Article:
n 2019, the Federal Court found that Ultra Tune was in breach of the Franchising Code of Conduct (the Code) and the Australian Consumer Law (ACL). In 2022, the Australian Competiton and Consumer Commission (ACCC) is making additional allegations against the company. The ACCC alleges that Ultra Tune did not comply with its mandatory compliance program and, therefore, is in contempt of court.

If the court agrees with these allegations, Ultra Tune may receive the punishment the court deems necessary. This article will outline Ultra Tune's previous misconduct and explain what franchisors can learn from this case.

Ultra Tune's Previous Misconduct

Previously, Ultra Tune fell short of its obligation to provide marketing fund statements and disclosure documents per the Code's timeframe. Furthermore, the ACCC held that Ultra Tune's treatment of a prospective franchisee fell under misleading and deceptive conduct.

As punishment, Ultra Tune received a fine of $2.604 million. Additionally, the court held that Ultra Tune must abide by a compliance program and injunctions against them for contravening specific provisions of the Code and ACL.

Contempt of Court

For an act to be in ' contempt of court', it must interfere with or undermine the:

  • authority;
  • performance; or
  • the dignity of the courts or those who participate in hearings.

In this case, the ACCC alleges that Ultra Tune is in contempt of court through its failure to comply with the ACCC compliance program. As a result, the court put a compliance program in place to ensure that Ultra Tune (as a previous offender) would remain in compliance with the Code and ACL.

For instance, the compliance program requires Ultra Tune to issue quarterly reports to the ACCC. However, the ACCC alleges that Ultra Tune did not fulfil these requirements between April and December 2021.

Further, the ACCC alleges that while the court orders were in effect between 2019 and 2021, Ultra Tune did not update its disclosure document within the mandatory timeframe. Additionally, the ACCC alleges Ultra Tune did not prepare two marketing fund statements within the Code's timeframe.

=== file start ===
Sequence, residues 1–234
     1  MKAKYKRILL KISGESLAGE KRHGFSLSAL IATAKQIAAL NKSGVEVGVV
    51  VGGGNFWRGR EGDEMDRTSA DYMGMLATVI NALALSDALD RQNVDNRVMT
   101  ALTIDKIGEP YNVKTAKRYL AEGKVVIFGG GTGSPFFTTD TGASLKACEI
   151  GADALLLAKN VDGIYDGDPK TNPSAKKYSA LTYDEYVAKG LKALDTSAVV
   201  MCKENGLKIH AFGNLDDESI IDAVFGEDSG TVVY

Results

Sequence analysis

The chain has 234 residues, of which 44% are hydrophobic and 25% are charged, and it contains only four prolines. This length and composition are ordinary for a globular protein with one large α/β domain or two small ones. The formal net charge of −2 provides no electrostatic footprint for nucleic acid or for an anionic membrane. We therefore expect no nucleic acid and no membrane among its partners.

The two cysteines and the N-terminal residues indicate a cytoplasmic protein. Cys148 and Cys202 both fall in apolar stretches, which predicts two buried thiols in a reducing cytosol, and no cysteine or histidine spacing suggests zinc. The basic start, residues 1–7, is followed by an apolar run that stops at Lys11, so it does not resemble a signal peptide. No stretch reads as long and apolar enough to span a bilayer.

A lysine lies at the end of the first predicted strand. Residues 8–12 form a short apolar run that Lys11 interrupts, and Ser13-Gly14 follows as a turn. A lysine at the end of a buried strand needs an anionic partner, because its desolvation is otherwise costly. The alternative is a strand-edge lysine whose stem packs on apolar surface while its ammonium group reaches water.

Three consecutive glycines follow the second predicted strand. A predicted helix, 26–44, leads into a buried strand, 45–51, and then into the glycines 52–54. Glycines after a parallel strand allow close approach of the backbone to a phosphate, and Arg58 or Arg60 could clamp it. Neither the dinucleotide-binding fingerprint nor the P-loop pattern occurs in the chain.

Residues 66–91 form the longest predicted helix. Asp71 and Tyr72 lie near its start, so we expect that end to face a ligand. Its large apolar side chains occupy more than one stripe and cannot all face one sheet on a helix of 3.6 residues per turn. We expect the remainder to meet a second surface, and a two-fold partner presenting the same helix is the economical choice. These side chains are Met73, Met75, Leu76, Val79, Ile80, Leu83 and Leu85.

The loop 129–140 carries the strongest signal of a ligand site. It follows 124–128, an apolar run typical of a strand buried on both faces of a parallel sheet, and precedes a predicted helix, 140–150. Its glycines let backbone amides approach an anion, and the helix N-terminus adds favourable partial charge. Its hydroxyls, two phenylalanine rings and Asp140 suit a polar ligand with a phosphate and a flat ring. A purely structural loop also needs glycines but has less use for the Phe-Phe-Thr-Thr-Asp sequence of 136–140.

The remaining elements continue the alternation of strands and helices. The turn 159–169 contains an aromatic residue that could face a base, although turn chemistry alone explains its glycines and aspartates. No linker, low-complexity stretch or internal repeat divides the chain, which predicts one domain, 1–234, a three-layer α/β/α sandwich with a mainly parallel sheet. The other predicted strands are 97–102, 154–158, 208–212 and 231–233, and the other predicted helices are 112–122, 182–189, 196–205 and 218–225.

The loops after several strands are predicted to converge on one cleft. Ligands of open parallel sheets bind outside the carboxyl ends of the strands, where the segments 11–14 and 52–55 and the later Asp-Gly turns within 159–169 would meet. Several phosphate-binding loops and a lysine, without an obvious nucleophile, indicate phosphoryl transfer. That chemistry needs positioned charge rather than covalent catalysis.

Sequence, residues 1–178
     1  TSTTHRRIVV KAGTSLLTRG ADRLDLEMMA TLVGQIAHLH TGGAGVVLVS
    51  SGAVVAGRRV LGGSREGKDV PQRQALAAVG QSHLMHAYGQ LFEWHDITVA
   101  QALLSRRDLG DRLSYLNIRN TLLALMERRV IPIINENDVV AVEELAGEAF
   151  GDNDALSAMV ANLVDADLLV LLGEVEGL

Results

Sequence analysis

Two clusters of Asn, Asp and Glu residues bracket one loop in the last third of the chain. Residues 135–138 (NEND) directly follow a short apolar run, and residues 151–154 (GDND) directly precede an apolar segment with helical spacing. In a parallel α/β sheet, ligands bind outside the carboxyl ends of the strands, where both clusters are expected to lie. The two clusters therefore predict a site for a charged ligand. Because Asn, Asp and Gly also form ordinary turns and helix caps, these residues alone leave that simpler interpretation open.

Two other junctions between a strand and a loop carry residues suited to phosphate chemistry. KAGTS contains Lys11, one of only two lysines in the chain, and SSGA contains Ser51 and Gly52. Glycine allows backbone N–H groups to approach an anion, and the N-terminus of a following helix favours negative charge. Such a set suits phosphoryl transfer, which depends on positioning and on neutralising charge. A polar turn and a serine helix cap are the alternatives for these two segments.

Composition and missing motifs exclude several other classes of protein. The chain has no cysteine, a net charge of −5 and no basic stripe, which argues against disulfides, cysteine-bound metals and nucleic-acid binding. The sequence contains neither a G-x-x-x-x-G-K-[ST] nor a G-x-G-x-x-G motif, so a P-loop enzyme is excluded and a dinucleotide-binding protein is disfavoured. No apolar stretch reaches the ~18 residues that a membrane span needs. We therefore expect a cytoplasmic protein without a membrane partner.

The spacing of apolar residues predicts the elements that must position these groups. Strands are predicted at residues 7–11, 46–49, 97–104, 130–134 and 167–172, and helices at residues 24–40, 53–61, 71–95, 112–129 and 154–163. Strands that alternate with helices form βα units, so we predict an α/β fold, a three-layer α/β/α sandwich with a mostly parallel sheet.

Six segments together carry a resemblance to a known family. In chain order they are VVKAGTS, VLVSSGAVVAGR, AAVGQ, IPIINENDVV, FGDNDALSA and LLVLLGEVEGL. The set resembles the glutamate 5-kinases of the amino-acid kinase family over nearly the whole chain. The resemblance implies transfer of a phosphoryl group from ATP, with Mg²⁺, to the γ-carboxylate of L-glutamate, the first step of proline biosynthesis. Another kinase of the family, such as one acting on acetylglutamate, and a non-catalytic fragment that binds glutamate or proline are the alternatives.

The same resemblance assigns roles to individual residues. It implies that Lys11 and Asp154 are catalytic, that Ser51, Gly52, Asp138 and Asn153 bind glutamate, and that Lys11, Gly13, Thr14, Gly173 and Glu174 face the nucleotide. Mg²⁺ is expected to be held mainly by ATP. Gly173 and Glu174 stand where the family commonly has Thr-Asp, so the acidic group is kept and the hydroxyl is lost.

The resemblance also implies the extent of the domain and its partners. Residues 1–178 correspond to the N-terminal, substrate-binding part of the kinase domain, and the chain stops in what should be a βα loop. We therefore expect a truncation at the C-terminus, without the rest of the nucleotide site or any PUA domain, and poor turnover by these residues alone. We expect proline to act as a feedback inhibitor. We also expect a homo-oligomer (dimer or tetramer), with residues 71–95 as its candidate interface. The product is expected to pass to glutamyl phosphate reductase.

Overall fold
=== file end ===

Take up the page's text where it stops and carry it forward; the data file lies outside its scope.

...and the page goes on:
In its reports, the ACCC emphasises the importance of complying with these disclosure requirements. Indeed, franchisors must fulfil these requirements to provide franchisees with complete transparency. Ultimately, franchisees have the right to see and understand how Ultra Tune uses their contributions to the marketing fund.

Failure to update the disclosure document means prospective franchisees may not receive essential information about the franchise system.

Reminder for Franchisors

Let the allegations against Ultra Tune remind franchisors to ensure that they adhere to the Code's timeframes. You must follow these timeframes, including those regarding pre-contract disclosure. Moreover, failure to do so will place you in breach of the Code.

Furthermore, you must ensure that you follow court-mandated orders. Failure to adhere to these orders can place your company in contempt of court. In this case, the court could place additional orders against you.

Key Takeaways

The ACCC actively monitors the conduct of businesses and will bring contempt proceedings against those who breach the Code or ACL. As a franchisor, you must take your obligations under the Code and the ACL very seriously. Failure to adhere to these requirements may result in severe penalties, including:

  • hefty fines;
  • continual monitoring by the ACCC;
  • injunctions against your company; and
  • prosecution.